Hi friends! Its almost the end of the school year! Closing out the year can be stressful at times. I completely understand how hard it can be. That is why I am excited that I am teaming up with Traci at The Bender Bunch and some other awesome bloggers to bring you some end of the year tips and freebies that can help you end your year on a positive note. Today, lets talk about how we can get our students to reflect on the school year.
It is the time of the year when we begin reflecting on all of the lessons and activities that occurred throughout the year. Students have had a long year filled with tons of learning and growing and it is important for students to reflect and share their experiences from the year.
Providing students with the opportunity for reflection is important for many reasons. Here are just a few.
Student Engagement- Asking students to think back on activities and things they have learned keeps them engaged. As they recall the information they actively thinking and using their thinking caps.
Making Meaning-When students are asked to reflect it helps them make meaning of their learning. It allows them to connect what they have learned to a life experience.
Discussion and Interaction- As students reflect on past memories it can initiate conversation with classmates. They can share what they learned and learn from other classmates as well.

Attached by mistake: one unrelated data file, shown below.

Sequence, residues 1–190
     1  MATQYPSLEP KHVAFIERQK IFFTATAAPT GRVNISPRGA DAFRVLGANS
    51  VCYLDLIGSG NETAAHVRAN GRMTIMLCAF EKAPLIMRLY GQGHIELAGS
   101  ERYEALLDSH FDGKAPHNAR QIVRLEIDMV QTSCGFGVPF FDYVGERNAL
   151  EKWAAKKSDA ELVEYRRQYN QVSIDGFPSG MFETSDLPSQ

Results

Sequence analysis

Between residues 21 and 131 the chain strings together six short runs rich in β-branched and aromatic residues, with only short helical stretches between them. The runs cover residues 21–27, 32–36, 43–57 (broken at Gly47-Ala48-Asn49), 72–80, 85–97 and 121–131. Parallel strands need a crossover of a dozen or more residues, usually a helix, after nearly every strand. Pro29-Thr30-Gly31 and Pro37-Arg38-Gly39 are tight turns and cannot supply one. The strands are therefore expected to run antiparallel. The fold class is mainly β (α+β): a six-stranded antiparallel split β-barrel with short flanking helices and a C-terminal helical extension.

Provides Feedback- When students are reflecting on their experiences from the year, you can use the information they share to determine what activities future classes may like. It wall also let you know how memorable it was or if it helped them learn a particular skill.
There are many ways you can have students reflect on their school year. These are a couple that I like.
Journaling– I love when students are able to have a journal. I let the students use pictures and words to track how they feel throughout the year. It can be a great memory jogger and a great measure of growth.
Interviewing– The kids love this! You can create a class list of questions or let students develop their own. They get to feel like reporters. Let them have some fun with it.
Classroom Discussions- This is a great way to interact with students. Have a set of questions that you’d like to ask and have the students answer them in whole group or small group. You can also do it during morning meeting.
Lists-Lists are one of my favorite things to do with students. You can ask them to create a list of things they learned or a top 10 list of the activities they liked. There are endless topics for this one!
Surveys– This is a good way to get authentic feedback. Have students take an anonymous survey (don’t let them put their names on it). The survey can ask them how they felt in your class, what activities they like most, or anything you want to know about.
Are you ready to have your students do some reflecting? Here is a freebie to help you out. I hope you and your students have fun using these!
Hop on over to Marissa’s blog, Literature and Laughter, for more tips and another FREEBIE!